FTB 08-14-2019: No Flood Threat, but Isolated Severe Thunderstorms are Forecast for the Northeast Plains

Issue Date: Wednesday, August 14th, 2019
Issue Time: 9:05AM MDT

Marked in the water vapor imagery below are the shortwaves in the area (orange X’s) as well as the direction of their movement today (black arrows). Exiting the state to the southeast is the shortwave that brought widespread, heavy rainfall to the eastern plains yesterday afternoon and overnight. There are still a few moderate showers over the far Southeast Plains associated with this feature as well as decent cloud cover over the southeast quadrant of the state in the wake of the rainfall. Northwest flow aloft is forecast continue today with less moisture and minimal to no mid-level energy moving through the state. With drier air mass in place (really dry above 400mb in the Denver and Grand Junction soundings), storms this afternoon over the mountains and adjacent plains should be fairly isolated. There is also a noticeable inversion in place around 400mb (Denver), which should keep rainfall out of the forecast for the Denver Metro area. As far as western Colorado, storm chances will again be confined to the eastern San Juan Mountains with only trace amounts of rain likely.

Looking for storms to fire under upslope flow around 2PM mainly over the southern Front Range and Southeast Mountains. As the high-based move off the higher terrains, they have a better chance of producing measurable rainfall over the adjacent plains, especially along the elevated terrains of the Palmer and Raton Ridges. It is likely that a storm or two fires over the Cheyenne Ridge/dry line that sets up moves through the Northeast Plains. A smaller ribbon of high CAPE and shear values over the area may produce a severe thunderstorm or two, although it’s important to note the threat for severe thunderstorms is over a much smaller area than yesterday. The severe storm or two will have the potential to produce large hail (around egg size), gusty winds and an isolated tornado. Storm motion is slightly faster than yesterday and moisture a little lower, so not expecting storms to reach flood threat criteria. All storms should exit the state by 11PM, and flooding is not forecast.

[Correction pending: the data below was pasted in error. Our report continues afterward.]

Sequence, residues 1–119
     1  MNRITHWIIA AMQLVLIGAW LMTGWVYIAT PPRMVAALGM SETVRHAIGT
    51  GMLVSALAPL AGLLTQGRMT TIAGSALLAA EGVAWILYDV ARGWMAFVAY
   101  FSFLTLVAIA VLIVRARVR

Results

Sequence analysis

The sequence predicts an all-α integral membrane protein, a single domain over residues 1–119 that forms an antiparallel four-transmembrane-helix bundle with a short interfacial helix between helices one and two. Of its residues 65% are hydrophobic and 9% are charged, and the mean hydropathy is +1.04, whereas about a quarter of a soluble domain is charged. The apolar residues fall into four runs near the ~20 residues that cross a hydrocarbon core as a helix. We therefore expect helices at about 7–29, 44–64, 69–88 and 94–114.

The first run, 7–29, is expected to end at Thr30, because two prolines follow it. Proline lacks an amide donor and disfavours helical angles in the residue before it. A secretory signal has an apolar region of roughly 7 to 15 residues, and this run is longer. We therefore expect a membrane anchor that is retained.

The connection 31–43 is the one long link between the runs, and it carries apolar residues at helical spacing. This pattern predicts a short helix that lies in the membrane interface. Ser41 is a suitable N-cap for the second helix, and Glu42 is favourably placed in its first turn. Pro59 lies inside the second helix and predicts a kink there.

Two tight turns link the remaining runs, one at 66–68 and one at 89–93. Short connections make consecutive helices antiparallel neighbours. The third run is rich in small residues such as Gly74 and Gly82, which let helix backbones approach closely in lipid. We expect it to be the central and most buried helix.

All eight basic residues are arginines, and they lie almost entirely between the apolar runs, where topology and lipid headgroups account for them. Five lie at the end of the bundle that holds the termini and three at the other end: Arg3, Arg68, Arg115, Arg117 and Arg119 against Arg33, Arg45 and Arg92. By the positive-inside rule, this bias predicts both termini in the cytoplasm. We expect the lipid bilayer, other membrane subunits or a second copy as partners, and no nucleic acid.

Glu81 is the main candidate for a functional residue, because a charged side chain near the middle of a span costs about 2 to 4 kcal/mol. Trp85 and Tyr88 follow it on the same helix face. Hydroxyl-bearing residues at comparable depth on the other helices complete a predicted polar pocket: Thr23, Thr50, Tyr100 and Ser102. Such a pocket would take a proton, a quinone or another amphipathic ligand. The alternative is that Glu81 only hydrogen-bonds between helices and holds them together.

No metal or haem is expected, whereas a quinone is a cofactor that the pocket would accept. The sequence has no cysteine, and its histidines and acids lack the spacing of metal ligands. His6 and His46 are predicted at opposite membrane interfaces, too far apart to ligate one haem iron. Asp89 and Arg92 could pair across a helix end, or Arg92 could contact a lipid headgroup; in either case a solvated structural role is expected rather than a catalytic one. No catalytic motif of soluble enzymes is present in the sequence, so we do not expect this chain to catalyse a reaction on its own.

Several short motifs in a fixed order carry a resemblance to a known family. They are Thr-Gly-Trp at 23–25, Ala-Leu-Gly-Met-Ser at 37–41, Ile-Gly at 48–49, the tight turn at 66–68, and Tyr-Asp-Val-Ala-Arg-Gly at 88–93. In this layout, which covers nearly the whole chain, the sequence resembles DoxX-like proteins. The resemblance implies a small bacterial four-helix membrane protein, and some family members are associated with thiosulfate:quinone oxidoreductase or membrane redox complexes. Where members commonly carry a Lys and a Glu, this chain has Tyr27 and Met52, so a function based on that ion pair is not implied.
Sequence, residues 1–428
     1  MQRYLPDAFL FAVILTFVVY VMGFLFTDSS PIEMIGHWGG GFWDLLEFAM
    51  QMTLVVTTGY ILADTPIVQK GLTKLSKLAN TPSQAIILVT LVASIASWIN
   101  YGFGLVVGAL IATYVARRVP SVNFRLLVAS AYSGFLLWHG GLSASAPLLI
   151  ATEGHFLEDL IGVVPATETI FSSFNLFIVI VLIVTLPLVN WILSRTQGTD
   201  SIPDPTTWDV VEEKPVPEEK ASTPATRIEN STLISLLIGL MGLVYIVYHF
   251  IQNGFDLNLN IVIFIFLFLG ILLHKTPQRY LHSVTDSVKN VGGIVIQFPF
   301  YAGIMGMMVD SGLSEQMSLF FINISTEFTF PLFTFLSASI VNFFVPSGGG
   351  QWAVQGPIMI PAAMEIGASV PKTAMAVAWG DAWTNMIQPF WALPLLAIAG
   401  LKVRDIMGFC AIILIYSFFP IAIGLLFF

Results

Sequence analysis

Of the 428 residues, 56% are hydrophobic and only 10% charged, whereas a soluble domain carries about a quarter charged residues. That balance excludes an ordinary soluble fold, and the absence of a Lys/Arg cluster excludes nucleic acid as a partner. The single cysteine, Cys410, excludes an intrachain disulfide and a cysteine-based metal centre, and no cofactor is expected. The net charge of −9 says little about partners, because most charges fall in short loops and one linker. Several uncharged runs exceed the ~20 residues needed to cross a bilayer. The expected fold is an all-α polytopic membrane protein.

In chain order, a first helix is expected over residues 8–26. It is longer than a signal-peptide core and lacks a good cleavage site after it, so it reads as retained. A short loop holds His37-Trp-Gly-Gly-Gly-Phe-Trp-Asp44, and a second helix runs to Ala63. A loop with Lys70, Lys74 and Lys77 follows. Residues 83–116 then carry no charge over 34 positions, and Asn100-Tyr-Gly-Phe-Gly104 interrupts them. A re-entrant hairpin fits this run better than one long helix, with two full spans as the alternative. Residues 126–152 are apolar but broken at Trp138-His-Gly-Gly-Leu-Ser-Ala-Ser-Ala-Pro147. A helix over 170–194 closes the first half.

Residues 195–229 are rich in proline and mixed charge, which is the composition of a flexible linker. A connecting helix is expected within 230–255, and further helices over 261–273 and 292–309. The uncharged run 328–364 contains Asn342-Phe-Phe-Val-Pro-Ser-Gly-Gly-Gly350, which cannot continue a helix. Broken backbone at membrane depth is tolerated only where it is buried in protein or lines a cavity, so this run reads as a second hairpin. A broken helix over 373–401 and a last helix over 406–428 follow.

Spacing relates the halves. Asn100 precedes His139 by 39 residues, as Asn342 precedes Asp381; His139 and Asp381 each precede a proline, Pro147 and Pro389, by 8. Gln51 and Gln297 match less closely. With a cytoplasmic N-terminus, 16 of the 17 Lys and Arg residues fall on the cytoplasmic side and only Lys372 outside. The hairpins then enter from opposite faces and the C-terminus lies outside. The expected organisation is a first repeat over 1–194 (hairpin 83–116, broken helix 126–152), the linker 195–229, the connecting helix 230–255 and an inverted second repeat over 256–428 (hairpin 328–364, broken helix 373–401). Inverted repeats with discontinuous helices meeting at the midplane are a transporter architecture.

Today’s Flood Threat Map

For more information on today’s flood threat, see the map below. For Zone-Specific forecasts, scroll below the map.

Zone-Specific Forecasts:

Front Range, Southeast Mountains, Urban Corridor, Palmer Ridge, Raton Ridge, Northeast Plains, Southeast Plains:

Max 1-hour rain rates up to 0.2 inches will be possible over the adjacent plains with storms over the eastern mountains producing only trace amounts to no rainfall. Gusty winds will be the main threat with storms (west) today as they form and quickly dissipate. If storms make it to the southeast corner before falling apart, totals closer to 0.75 inches will be possible. The severe thunderstorms over the Northeast Plains will have max 1-hour rain rates closer to 0.9 inches with an isolated total around 1 inch possible. Once again, these storms may produce large hail, gusty winds and an isolated tornado or two. Flooding and overnight storms are not forecast. Cloud cover over the southeast quadrant of the state should knock down high temperatures a few degrees as well.

Primetime: 2PM to 11PM

Northwest Slope, Grand Valley, Southwest Slope, Northern Mountains, Central Mountains, San Juan Mountains, San Luis Valley:

Similar set up to yesterday with little change to high temperatures. Dry air continues to be entrained from the west, so storm chances will be limited to the eastern San Juan Mountains. These storms will likely only produce trace amounts of rainfall with a couple isolated totals up to 0.1 inches possible. Also expect some brief, gusty winds from the storms that do form. Cloud cover will also be similar to yesterday, so only minimal relief from the heat is forecast.

Primetime: 2PM to 8PM